Agile project management is a path to break down the project into small parts. This approach has lots of small steps to follow while we are on our way to complete the project.

What is Agile Project Management?

It is a process through which a team takes up the responsibility of managing a project by breaking it up into smaller stages and involving constant collaboration with stakeholders and continuous improvement and iteration at every stage.

The first step of this methodology begins with clients describing what kind of product they want and what it will be used for and what kind of issues it will help them solve. This step clarifies the customer’s needs and requirements to the project team.

Once the work on the project begins, teams go through a process or steps of planning, executing, and evaluating — which directly impacts the final deliverable to fit the customer’s needs better.

Communicating continuously with team members and stakeholders is the key to have better and informed ideas.

Who uses Agile project management?

Agile was initially a methodology designed for software development project management.

This methodology lets the teams quickly come up with potential solutions, incorporate feedback, and adjust scope as needed throughout the project lifecycle. This agile methodology not only paces up delivery times, but it also supports the change in requirements as new developments arise.

Today, Agile project management is used by teams from many industries as it has found liking from teams more than just software developer teams. The core features of agile make it more suitable for projects that result in a specific deliverable aka product – rather than a service.

Agile project management is a flexible methodology that can be used by any large scale project in any industry, market, and company.

What are the core values of Agile?

Agile project management has four foundational values. Each project management team following the agile approach applies the four values in different ways.

Still, all the different ways rely on the values to guide through the development of the product with the primary focus on delivering an efficiently working product.

1. Individuals and Interactions Over Processes and Tools

The first value in the Agile project methodology is:

“Individuals and interactions over processes and tools.”

The first value states that valuing people over processes and tools is essential as it the people who lead the development process and who respond to the business needs.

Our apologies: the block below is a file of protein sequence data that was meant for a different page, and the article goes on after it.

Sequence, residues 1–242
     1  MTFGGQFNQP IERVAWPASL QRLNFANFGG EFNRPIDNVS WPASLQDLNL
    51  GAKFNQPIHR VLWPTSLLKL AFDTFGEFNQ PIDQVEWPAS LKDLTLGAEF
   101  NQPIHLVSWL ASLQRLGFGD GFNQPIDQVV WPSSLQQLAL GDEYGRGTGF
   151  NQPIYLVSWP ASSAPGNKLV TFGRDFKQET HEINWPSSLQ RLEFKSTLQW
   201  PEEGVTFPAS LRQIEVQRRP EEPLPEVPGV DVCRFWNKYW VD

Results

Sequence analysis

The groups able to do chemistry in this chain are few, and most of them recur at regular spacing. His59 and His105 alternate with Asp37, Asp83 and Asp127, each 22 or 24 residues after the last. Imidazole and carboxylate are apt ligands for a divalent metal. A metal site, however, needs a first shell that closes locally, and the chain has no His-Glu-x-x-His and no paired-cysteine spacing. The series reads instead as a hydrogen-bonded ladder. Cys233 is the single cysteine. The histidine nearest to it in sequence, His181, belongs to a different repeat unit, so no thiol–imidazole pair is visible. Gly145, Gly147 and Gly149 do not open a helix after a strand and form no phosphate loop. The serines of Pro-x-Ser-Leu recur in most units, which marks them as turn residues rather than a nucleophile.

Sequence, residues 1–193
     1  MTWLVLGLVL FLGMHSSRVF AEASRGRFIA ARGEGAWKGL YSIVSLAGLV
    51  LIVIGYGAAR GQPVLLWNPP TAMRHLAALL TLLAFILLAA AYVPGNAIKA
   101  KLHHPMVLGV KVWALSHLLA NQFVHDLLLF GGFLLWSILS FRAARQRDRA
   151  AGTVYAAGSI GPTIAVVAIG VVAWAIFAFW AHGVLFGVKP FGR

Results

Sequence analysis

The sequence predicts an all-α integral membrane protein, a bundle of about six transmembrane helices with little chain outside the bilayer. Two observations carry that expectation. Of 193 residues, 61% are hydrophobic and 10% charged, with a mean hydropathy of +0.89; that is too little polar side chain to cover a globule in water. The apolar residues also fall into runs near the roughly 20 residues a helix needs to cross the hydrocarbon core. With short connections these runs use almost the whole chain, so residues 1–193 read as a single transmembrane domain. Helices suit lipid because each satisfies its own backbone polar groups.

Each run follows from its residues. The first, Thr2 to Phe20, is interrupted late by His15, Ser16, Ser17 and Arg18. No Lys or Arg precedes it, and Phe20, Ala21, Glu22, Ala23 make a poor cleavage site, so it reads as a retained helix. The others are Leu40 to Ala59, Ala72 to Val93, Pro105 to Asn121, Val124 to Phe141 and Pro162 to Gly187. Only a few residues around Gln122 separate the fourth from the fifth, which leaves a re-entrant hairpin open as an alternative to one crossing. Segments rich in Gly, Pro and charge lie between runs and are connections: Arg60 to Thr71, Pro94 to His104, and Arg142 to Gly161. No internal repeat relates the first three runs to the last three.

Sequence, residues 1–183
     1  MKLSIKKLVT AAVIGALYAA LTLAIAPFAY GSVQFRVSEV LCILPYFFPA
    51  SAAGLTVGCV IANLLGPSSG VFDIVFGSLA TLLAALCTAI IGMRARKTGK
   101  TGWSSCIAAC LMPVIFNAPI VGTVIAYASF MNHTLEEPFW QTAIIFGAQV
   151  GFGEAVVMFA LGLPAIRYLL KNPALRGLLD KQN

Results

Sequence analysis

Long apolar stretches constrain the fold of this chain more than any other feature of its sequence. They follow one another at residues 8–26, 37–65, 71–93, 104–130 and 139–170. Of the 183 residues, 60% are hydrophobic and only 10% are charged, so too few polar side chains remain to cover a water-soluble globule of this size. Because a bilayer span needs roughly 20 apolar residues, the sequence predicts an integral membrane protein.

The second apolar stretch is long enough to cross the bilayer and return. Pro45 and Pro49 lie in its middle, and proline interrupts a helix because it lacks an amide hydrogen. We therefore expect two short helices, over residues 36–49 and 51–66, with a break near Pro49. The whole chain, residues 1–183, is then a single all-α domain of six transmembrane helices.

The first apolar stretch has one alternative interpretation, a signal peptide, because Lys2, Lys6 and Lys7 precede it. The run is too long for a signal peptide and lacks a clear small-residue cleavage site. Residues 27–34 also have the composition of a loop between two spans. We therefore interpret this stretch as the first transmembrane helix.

If the process or the tools will start determining the direction of the project, then the team becomes less responsive to change and less likely to meet customer needs.

This is why agile methodology is seldom used in large and complex infrastructure projects, where following a structured process-oriented approach is critical for successful project delivery.

2. Software over documentation

Earlier documentation of the product for development and final delivery consumed an enormous amount of time. There were a lot of approvals required earlier for Technical requirements, specifications, prospectus, testing plans, interface design documents, they all took a lot of time.

What agile does is, it streamlines the documentation but does not eliminate it.

In this form of agile methodology, it gives developers what they need to do without getting burdened with every minor detail on the project, but rather have the focus on the functional requirements.

Agile does value documentation, but it values working products (think software) more.

3. Customer Collaboration Over Contract Negotiation

Negotiations are essential. It’s about the time when customers and a product manager work out the details of delivery with all the details. However, collaboration is an entirely a different feature, and it matters.

Customers generally negotiate the requirements for their product and commercials, often in great detail, before any work starts. The agile methodology describes a customer who collaborates throughout the development process, making negotiations a core part of the entire project development process.

Following an agile methodology give the team a lot of freedom to work in the best way that suits them and take decisions on the fly – but as long as they are aligned for delivering the final product the customer needs. This approach makes it easier for the project team to meet the expectations of the customer.

According to agile methods, the customer should be included from time to time at every stage for periodic demos, reviews, and adjustments in the project. In a way, the project team just has an end-user as a part of the team huddles.

4. Responding to Change Over Following a Plan

Traditional software development was to be avoided as it regarded change as an expense.

According to Agile, the shortness of a plan means priorities can be shifted from plan to plan, and new features can be added into the next iteration.